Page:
Articles and Reviews

Bodacious Vinho 2019

Posted by: Andy Kelly

Date: 07-02-2021

My first supermarket wine in a while and a wine that comes highly recommended from our old friend Ned Halley. What could possibly go wrong?

“A proper oddity by enterprising Portuguese winery Falua, this bullish Alentejo blend unites Cabernet Sauvignon with local grapes Aragonez and Castelão to make a hearty, plummy dark food red with textbook notes of clove and cinnamon; 13.5% alcohol. I think it’s great; if the 2017 has been superseded by 2018 or even 2019, do try it”.

Right, I’m going to have the preface this review with an important point before we get started. I have been fortunate to drink some outstanding wine over the last year, none of which has come from the supermarkets. Being on full furlough with no travel or day to day expenses meant that I was pocketing an extra few quid each month. I was keen to support smaller merchants so I used this extra few quid to buy wine that is a cut above what you’d usually find in your local Asda or Sainsbury’s. I say this because maybe, just maybe, my dalliance with finer wine has clouded my palate, leaving little tolerance for cheaper, less complex counterparts.

Recently, I popped into my local Asda and, as is custom, I sauntered down the wine isle to take a look. I wasn’t armed with my trusty 2021 handbook but I knew that Bodacious Vinho 2017 featured prominently; in fact, it had featured in the 2020 handbook too so I was confident that it was going to be decent. I spotted it on the shelf and saw that the 2019 vintage was on offer for £6.50 down from £8 and I thought “bargain”!

The 2017 had also won bronze in the IWSC 2019 awards so the brand had pedigree and I was pleased with my purchase.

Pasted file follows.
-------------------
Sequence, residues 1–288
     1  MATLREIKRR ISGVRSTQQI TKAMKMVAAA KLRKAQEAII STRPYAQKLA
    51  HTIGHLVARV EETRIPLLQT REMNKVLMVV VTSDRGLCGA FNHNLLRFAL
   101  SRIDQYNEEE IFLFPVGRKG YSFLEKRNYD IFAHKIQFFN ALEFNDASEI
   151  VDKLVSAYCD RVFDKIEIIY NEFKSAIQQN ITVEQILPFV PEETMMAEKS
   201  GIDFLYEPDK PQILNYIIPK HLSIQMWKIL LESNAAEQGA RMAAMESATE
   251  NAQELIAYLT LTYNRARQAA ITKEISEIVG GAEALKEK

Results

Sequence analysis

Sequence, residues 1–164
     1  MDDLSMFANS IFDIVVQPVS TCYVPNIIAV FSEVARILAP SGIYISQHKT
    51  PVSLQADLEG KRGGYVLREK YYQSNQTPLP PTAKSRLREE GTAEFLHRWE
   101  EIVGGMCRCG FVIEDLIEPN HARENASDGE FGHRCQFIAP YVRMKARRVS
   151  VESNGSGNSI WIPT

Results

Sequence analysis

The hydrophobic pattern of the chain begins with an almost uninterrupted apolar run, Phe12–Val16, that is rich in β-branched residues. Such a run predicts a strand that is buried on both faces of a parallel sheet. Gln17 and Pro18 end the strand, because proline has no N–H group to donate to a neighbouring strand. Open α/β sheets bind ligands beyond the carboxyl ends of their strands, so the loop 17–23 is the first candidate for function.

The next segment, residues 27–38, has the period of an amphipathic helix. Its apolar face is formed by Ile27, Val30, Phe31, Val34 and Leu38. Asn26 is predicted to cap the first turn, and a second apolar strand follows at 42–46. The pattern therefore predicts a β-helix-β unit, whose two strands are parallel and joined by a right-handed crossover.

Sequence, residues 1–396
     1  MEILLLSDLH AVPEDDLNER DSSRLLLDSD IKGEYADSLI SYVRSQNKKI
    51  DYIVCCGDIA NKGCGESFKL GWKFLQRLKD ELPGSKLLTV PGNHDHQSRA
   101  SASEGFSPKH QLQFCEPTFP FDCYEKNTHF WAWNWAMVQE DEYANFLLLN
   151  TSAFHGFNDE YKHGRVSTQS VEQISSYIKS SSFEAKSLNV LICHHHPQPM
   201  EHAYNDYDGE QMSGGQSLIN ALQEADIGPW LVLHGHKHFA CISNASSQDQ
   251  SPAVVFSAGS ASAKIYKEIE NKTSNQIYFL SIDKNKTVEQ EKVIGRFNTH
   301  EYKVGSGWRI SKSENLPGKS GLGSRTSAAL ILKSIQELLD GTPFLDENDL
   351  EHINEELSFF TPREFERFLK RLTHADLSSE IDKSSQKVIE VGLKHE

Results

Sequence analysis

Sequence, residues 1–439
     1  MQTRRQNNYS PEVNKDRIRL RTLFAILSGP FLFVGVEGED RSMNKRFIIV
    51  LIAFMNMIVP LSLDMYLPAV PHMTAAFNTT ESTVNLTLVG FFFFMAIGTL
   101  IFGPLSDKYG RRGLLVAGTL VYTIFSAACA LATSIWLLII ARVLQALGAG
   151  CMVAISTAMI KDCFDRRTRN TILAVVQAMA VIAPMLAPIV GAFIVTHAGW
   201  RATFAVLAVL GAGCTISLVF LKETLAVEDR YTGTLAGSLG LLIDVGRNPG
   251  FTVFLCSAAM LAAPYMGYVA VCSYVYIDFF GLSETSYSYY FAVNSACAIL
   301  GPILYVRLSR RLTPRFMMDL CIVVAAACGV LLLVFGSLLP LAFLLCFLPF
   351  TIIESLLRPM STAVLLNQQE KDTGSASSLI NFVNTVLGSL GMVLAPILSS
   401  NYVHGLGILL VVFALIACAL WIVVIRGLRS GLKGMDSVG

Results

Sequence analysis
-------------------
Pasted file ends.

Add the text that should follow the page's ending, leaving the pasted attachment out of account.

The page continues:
Falua is located approximately 70km north of Lisbon, producing in excess of 3 million bottles of wine a year. The winery is described as state of the art with sophisticated & modern equipment, producing wines from local grape varieties. They boast an array of wines, all of which look promising with eye catching labels and they appear to be well marketed. Falua’s website itself is slick, well put together and is easily navigable for someone with only a smattering of Portuguese. Before I knew it, I was browsing their catalogue and was quite taken by a couple of their whites.

But, guess what I couldn’t find any information about on their website…that’s right Bodacious.

“Okay, that’s a little worrying” I thought but it’s not the end of the world. A lot of wine brands in the supermarkets aren’t well marketed and some of those have been crackers.

And then I opened the bottle.

It was a promising start actually, my ritual of sniffing the cork and then inside the bottle yielded some nice plummy aromas so I poured myself a glass and looked forward to seeing what it had to offer.

It offered little. Very little. Being the 2019 vintage, it was purple in the glass but there was just no nose to speak of. It was almost as if it had given me everything it could the moment I pulled the cork out. The palate was a different experience entirely. The cherry notes were overwhelming and made for a very sticky, chewy, unpleasant experience. It tasted sweet, very sweet and it felt like the sugar had been added in after the fact. It tasted like 19 Crimes. No plums, no spice, no cloves, no cinnamon. Nothing. There was no body and I couldn’t really detect the tannins. Even on Vivino, people rave about how smooth it is and I couldn’t even get that. It was awful. I laboured through one and a half glasses and then it went down the drain. It was so poor that I refuse to even cook with it.

I should’ve known to be honest. If you can’t find anything about a wine on the winemakers’ own website then you know you’ve got problems. I can’t help but feel that the wine itself is an afterthought, produced from high yielding grapes and bulked up with sugar. I paid £6.50 for it and when you factor in labour, storage, bottling, marketing and transportation costs then actually how much wine are you getting for your £6.50?

Ned gives the 2017 a solid 8 in both of his editions. The 2019 gets a big fat 1 from me and a deserved place in “Wine Hell”.

There is truly nothing “Bodacious” about this wine. It is bloody awful.